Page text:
5 classic dishes to make for Hanukkah

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5 classic dishes to make for Hanukkah

Whether you are a sucker for tradition or not, Phillippa Cheifitz’s classic Hanukkah recipes – from latkes to brisket to home-made gelt coins – will take your festive table to new heights

The eight-day holiday of Hanukkah (10–18 December this year) is celebrated with the lighting of the menorah at sundown and the sharing of traditional foods and gifts.

The history

Hanukkah commemorates the rededication of the Second Temple in Jerusalem after the Jews rose up against their Greek-Syrian oppressors in the second century BC. They were called upon to rebuild the temple’s altar and light the menorah (ceremonial candelabrum). Although there was only enough olive oil to keep the candles burning for one day, the flames miraculously continued to burn for eight nights.

The lights

The menorah is the centrepiece of the Hanukkah celebration. Eight candles symbolise the number of days that the oil burnt; the ninth, the shamash, is used to light the others

The feast:

Traditional Hanukkah foods are fried in oil. Potato pancakes (latkes) are popular among Jews of eastern European (Ashkenazi) origin. Sephardic Jews, who settled throughout the Middle East, North Africa and southern Europe after the diaspora, enjoy other fried dishes, including keftes de prasa (leek-and-potato fritters) and sweet fried pastries such as burmwelos and sufganiyot – fried jelly doughnuts filled with jam.


My friend Sara Benetar recently shared her late mother’s recipe for burmwelos with me. Donna Benetar was renowned in the Cape Town Sephardic community for her cooking.


Find the recipe for Burmwelos here. 


Brisket is a popular choice for an Ashkenazi family gathering, while lamb would be the Sephardi preference. As it’s hot in December when Hanukkah is celebrated, I’ve used brisket in a salad. Lamb would work well, too.


Find the recipe for slow-cooked-brisket-salad here.

Potato latkes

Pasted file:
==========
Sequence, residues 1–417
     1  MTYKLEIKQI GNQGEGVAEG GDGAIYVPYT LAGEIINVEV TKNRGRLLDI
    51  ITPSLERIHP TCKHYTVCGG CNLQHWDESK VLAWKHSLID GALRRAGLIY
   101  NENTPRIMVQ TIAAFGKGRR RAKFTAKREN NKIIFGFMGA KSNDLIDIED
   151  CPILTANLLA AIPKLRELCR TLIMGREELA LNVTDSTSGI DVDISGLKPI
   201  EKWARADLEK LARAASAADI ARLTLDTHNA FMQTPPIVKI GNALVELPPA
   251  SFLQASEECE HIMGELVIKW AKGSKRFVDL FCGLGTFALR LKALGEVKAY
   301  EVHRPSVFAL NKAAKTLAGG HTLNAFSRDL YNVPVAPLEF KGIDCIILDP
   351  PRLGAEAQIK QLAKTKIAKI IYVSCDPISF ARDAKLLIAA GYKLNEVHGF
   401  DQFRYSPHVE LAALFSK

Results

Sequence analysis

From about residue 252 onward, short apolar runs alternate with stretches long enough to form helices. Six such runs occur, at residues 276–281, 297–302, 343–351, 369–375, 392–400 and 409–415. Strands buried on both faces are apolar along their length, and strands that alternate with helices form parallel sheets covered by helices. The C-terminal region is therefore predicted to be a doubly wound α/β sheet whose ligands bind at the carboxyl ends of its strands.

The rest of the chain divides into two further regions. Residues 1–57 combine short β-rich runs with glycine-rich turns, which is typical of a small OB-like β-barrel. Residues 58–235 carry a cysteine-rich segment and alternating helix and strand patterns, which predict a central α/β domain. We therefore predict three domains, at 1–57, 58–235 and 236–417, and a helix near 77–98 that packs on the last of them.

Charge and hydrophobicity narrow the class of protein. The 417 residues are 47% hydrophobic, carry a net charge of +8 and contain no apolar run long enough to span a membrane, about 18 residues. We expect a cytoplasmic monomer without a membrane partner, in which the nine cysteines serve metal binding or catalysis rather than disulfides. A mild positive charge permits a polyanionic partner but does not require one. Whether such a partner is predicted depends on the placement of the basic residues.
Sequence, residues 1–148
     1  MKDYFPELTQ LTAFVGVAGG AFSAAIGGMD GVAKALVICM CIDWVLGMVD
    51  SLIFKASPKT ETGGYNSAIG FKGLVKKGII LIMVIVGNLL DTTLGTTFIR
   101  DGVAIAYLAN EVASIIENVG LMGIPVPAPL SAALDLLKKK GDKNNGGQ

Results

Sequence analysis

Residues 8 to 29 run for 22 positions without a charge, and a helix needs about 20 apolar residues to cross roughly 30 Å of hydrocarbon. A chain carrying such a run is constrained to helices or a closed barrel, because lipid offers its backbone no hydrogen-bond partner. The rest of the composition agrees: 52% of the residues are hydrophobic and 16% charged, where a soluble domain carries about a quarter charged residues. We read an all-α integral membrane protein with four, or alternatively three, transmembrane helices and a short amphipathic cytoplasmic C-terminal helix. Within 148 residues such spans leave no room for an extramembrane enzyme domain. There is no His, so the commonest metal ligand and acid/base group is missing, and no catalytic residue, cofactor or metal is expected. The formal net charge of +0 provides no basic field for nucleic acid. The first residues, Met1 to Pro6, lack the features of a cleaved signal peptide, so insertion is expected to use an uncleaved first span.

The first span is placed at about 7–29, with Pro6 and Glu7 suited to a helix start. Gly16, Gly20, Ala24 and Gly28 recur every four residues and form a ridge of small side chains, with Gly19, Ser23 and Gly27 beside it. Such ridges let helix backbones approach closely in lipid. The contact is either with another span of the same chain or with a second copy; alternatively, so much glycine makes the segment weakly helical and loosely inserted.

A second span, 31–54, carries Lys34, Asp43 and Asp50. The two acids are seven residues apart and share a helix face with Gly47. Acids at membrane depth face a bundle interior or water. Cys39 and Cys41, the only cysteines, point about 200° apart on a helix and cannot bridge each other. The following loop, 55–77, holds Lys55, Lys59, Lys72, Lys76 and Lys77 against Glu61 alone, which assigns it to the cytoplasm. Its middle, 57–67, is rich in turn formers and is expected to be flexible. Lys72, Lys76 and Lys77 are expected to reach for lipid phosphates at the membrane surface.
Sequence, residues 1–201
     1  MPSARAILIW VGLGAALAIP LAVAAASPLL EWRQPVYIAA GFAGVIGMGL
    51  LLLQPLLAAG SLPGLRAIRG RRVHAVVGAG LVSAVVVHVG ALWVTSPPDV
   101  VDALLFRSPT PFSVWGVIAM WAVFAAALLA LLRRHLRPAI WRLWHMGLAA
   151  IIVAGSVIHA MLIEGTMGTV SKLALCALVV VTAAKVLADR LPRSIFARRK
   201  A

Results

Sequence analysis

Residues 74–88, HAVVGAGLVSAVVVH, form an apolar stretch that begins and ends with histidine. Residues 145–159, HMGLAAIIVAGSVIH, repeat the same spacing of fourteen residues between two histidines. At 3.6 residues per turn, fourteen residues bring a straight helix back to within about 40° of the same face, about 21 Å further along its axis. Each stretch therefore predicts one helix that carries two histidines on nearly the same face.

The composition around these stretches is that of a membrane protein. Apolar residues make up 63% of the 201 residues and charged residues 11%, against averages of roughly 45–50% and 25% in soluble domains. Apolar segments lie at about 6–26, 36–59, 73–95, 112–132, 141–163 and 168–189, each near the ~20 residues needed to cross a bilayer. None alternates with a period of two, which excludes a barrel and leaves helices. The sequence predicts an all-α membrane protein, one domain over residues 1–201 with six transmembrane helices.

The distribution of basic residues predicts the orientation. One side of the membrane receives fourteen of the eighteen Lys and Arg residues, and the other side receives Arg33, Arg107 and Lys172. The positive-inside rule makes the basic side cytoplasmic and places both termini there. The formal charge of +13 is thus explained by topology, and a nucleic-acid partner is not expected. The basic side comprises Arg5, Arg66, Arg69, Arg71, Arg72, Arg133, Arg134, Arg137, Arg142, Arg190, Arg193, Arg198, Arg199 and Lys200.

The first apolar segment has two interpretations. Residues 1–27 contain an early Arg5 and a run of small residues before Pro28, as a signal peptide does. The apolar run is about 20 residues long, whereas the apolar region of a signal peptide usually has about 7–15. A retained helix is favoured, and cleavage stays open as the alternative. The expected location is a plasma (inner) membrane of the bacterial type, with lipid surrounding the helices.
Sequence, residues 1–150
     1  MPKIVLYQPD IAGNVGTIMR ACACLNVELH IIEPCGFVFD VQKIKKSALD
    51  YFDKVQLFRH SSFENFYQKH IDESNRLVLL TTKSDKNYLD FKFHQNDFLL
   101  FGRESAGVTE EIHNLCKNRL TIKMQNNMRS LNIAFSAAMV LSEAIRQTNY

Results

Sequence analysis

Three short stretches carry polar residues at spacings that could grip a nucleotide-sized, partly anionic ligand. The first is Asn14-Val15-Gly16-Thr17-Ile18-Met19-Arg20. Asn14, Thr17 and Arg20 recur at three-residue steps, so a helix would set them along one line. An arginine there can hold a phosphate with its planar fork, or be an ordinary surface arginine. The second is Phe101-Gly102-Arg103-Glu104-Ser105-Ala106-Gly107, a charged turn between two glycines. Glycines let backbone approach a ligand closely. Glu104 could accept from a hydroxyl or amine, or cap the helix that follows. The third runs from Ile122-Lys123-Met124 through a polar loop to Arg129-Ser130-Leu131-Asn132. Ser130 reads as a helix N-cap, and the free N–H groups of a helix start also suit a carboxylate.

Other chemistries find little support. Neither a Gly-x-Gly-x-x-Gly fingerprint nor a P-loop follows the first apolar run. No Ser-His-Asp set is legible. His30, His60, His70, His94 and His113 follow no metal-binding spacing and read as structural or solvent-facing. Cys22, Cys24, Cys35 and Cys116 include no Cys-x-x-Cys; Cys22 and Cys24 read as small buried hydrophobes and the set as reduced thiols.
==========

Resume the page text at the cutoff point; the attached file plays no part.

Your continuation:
Crisp and hot out of the pan, latkes are addictive and perfect as is but are often served with apple sauce and sour cream. Sometimes they’re sprinkled with cinnamon sugar. But for a real treat, serve them with ribbons of smoked salmon and sour cream.

Potato latkes

Find the recipe for potato latkes here. 

Hanukkah gelt

Giving gifts of money (gelt) has been a tradition since the 17th century. It began with parents giving gelt to teachers, then later to children as a reward for Torah study. Today the ‘gelt’ is made of gold and silver foil-wrapped chocolate coins packed in small pouches reminiscent of money bags. You can buy chocolate coins but it’s easy to make chocolate discs at home and dust with edible gold or silver shimmer.


Find the recipe for Hanukkah gelt here. 

Pickled cucumbers

Pickles are always added to the table for nibbling, as an appetiser, or eaten throughout the meal. I like to keep a jar of this quick-and-simple recipe in the fridge.


Find the recipe for Pickled cucumbers here.

Photographs: Toby Murphy
Production: Brita Du Plessis
Food assistant: Nicola Naude

Phillippa Cheifitz Article by: Phillippa Cheifitz

Regular TASTE contributor Phillippa is a well-known South African author and food writer, and has won many awards, both for her magazine features and her cookbooks.

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